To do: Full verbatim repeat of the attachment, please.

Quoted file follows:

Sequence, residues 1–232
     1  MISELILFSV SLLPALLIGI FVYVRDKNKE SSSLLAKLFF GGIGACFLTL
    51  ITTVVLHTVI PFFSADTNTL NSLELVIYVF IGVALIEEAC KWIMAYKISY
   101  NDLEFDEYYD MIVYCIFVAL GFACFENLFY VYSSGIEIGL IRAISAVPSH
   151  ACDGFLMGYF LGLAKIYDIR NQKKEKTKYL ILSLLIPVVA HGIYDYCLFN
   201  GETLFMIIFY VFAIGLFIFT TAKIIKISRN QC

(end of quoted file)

Sequence, residues 1–232
     1  MISELILFSV SLLPALLIGI FVYVRDKNKE SSSLLAKLFF GGIGACFLTL
    51  ITTVVLHTVI PFFSADTNTL NSLELVIYVF IGVALIEEAC KWIMAYKISY
   101  NDLEFDEYYD MIVYCIFVAL GFACFENLFY VYSSGIEIGL IRAISAVPSH
   151  ACDGFLMGYF LGLAKIYDIR NQKKEKTKYL ILSLLIPVVA HGIYDYCLFN
   201  GETLFMIIFY VFAIGLFIFT TAKIIKISRN QC